Living at Brooks
While Brooks enjoys a pastoral setting overlooking Lake Cochichewick, it's anything but sleepy. The active campus remains bustling at all hours of the day and into the night as students from all over the United States, and the world, come together as one community.
In the last five years, Brooks has enrolled students hailing from 29 states and 26 countries. In a single dorm, you might find a freshman from Afghanistan, Germany, or Japan, or a senior from California, Kentucky or Wisconsin. (You can find a full list of the geographic distribution of our student body on the Facts and Figures page.)
live on campus
A full 70 percent of students live at Brooks, some from neighboring communities, others from across the globe.
live on campus
Dorm parents regularly serve up home-cooked meals, play games, and hang out with the boarders in their dorm.
by boarding students
Members of our diverse community hail from Africa, Asia, Europe, the Middle East and other regions.
From decorating their rooms to studying with friends, students feel comfortable, safe, and happy living at Brooks.
Day students are welcome and included in the activities offered to our boarders — and there are many. During the week students bustle from club meetings to afternoon activities. On weekends, they enjoy trips to restaurants, to the movies and to local malls, as well as gathering with friends for campus parties and activities planned by our active (and really creative!) Community Activities Board. Some highlights? Cookie Dough at the Headmaster's House, coffeehouse entertainment, dances, the annual Lip Sync contest, Casino Night, Drive-In Movie Night, and Woodstock—Brooks-style.
Boarding students quickly bond with their classmates in the dorm. After check-in at 11 p.m. on Saturday nights, for example, dorm parents host dorm parties for residents giving boarders the chance to relax and gather together for ice cream sundaes, donuts, and other treats. (One of the highlights of our annual Field Day are the competitions between the dorms.)
Our Saturday night dorm parties are a good time to hang out with
your dorm parents, watch sports on TV, and unwind before you go to bed.
Plus,who doesn't look forward to getting a home-cooked meal?
Bryan Sutherlin '15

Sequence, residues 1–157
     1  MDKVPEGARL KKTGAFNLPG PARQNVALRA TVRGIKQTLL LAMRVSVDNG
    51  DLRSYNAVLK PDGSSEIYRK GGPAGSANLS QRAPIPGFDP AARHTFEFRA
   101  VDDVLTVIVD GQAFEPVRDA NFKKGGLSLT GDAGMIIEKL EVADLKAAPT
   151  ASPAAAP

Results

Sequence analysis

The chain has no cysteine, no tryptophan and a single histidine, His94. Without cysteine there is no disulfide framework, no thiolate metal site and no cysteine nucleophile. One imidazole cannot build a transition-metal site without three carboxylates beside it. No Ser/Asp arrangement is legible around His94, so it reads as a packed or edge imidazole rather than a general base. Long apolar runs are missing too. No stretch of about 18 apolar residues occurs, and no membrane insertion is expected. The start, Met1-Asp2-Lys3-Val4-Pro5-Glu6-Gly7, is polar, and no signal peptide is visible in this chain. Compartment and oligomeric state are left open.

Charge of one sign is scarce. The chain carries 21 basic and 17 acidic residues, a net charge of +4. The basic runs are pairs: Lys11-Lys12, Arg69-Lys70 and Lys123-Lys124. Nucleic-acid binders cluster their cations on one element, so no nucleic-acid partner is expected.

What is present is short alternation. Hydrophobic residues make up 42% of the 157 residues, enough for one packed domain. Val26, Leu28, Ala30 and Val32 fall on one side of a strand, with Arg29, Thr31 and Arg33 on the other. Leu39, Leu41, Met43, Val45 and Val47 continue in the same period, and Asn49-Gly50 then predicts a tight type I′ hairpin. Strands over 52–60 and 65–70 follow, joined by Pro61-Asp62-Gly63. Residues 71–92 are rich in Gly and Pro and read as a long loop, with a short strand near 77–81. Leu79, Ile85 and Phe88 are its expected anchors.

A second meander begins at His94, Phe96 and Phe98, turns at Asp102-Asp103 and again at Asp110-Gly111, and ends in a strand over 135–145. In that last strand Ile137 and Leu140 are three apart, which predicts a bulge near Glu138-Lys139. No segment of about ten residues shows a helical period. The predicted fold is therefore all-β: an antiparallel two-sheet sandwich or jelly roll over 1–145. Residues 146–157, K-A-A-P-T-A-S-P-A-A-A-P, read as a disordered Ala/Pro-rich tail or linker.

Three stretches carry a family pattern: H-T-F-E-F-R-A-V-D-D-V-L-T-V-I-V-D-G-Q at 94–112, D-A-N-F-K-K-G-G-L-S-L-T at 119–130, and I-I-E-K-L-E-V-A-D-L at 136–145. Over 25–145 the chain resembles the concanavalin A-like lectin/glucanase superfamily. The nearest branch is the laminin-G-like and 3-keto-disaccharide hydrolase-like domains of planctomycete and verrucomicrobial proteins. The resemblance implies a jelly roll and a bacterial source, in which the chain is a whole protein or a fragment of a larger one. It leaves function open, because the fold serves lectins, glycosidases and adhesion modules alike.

Surrounded by Support
Dorm parents play a special role in the lives of Brooks boarders, serving as a touchstone and mentor — while also teaching in the classroom and coaching after school. Willie Waters '02 is a dorm parent in Chace House (and a history teacher and dean of students). He and his wife Susanna Waters (history teacher and academic dean) often make Buffalo wings or brownies for the boarders living with them. The couple's holiday card each year features their two children, their golden retriever, and the 22 boys living with them. Chase House is "a really wonderful place to call home," said Ms. Waters.
At least two faculty members live in each residence, and dorm prefects are appointed to work with the younger students and help them feel welcome as they adjust to living away from home.
Space to Study
The dorms are also a place to study and learn. On weeknights and Sunday evening, dorms are quiet for study hours between 8 and 10 p.m. Third-formers have assigned study hall in the Science Forum. (For more useful information about the rules and guidelines at Brooks School, please see our 2017-2018 STUDENT HANDBOOK). Most fourth- and fifth-formers study in the dorm and sixth-formers are free to study outside of the dorm.
Array of Options
Every year, students have the opportunity to live in a new dorm, if they choose. Each house offers a mix of single and double rooms. The school has 10 dormitories, five each for girls and boys, and a place for everyone.
I was nervous to be a boarding student. But the night I moved in,
my roommate and I talked and got to know each other,
and after that the dorm became my home away from home.
Amelia Burke '17